I begin writing one morning where it hurts. I worry I’m sick. Then I’m angry again about all of the things we are giving up. Then I set it aside because I feel small and too tired to finish, and this is what it said:
I am not a lot of anything lately. Rosy cheeked and punch drunk in the living room all alone. Is the point to be worn so thin we can see through ourselves to the other side?
I think about you in your living room and what the view might be like in your apartment that I have never seen. I think about calling you but don’t. I think about planting seeds, making bread, learning how to french braid, but don’t.
I’m not the only one that today, feels the longevity of this situation, like the clock has been reset. I’ve been somehow reminded how long this will last, even though nothing has changed.
Two days later, which is today, I reread these words and think about them for a very long time. I also listen, in an email, to a recording of another writer as she reads my own words back to me. They sounds so lovely in her mouth that I fall in love for forty-five seconds with the sounds of her voice.
My days are scattered and semi-sweet like those honey suckles we used mouth the stems of when we were children. Everything feels less complicated today. Perhaps because the sun is out and the sea glitters, and this morning I re-read an essay about the loneliest whale, and perhaps because for lunch I eat stale bread and goat cheese with my fingers and watch the dog stretch on the tile floor. Everything is reduced in these days, and today I am not upset about it.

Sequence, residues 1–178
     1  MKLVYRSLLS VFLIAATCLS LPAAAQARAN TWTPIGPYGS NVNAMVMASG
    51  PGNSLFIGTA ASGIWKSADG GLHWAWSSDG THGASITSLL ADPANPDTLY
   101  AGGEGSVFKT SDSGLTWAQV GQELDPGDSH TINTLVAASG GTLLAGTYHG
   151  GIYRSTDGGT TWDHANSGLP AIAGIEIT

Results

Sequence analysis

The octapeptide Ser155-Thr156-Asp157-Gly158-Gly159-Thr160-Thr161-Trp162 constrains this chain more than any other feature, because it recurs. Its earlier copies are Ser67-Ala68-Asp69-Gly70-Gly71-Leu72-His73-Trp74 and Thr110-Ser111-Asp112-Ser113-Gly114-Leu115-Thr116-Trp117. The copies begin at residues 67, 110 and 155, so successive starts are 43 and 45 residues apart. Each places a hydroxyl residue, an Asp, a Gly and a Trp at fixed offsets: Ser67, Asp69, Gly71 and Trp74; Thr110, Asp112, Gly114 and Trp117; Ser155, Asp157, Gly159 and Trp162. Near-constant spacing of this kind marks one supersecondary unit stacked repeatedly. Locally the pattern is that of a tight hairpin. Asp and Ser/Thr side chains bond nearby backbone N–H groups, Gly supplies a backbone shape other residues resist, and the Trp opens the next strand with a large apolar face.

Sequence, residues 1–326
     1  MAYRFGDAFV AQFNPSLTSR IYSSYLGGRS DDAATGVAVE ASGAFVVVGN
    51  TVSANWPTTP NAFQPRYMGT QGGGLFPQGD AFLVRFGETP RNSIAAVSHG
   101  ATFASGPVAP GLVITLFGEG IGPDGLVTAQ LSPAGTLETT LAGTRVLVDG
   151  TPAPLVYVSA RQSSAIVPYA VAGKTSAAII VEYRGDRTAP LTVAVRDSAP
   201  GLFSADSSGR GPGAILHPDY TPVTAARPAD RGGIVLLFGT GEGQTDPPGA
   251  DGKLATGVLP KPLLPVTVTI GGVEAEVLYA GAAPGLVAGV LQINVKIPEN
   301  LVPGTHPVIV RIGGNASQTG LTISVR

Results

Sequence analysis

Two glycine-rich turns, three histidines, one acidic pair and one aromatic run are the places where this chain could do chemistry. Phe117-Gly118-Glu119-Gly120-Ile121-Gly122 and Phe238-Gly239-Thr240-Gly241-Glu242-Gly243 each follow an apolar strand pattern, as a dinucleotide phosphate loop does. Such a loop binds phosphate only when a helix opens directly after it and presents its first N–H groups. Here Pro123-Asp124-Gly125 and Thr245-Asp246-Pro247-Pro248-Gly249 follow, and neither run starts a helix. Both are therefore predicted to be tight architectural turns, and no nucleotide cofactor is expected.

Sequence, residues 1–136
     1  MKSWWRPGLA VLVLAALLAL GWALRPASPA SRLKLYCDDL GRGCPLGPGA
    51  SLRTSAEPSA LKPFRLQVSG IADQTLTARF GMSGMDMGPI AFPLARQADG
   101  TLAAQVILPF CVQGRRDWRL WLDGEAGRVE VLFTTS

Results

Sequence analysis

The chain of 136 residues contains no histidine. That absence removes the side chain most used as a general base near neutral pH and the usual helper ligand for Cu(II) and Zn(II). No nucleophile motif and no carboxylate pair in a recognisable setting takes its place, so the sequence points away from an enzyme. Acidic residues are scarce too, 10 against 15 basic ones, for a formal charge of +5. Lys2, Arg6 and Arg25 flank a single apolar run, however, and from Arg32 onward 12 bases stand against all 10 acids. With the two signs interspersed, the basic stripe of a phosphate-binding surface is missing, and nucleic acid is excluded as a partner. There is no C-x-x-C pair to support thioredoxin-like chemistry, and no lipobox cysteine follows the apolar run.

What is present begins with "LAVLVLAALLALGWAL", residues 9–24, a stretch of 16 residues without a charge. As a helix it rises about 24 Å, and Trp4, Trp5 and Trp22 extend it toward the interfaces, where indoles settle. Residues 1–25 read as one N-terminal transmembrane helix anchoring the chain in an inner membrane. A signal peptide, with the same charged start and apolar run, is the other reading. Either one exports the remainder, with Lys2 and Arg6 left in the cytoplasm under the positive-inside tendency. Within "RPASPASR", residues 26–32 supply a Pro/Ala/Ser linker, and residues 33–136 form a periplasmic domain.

Today there are two sailboats and I think about starting your letter. I grow onions in the windowsill and promise myself that tomorrow I will get back to the good work, tomorrow I will make something of myself. But, then again, maybe all of this undoing is just a different kind of making. And some of my lines from the other day still hold true, even when the world glitters. Perhaps it is a good thing to go threadbare. To change ones course. To become something and someone other than what we had planned.
I used to dream about going backward in time, before time taught me how to stay still. I wrote it down on a scrap of paper, that even though I had stopped lying I am not sure I have yet figured out how to live an honest life. Sometimes it feels like I am watching myself through the blur of a window. We are still here.
We are learning something even if some day the lesson feels lost on us.
4 Replies to “Still Here”
Do I have your permission still to republish your ineffable works of heart?
Mark Henderson, Founder & Chairman of The Board
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at this time I’d like to keep them just in one place as I have a publication pending, thank you xoxo
I love this. Thank you for sharing the honest and raw thoughts of this time so beautifully. Your phrase about hurting and feeling despair “even when the world glitters” resonates so deeply with me. I am currently struggling to remind myself that we can be sad and hopeful all at once…
It seems to be one of my great life lessons to learn that feelings often wear one another or live side by side, we are rarely ever just one thing. In fact, I just finished writing a novel in which this ended up being one of the principal beliefs. Thank you so much for reading.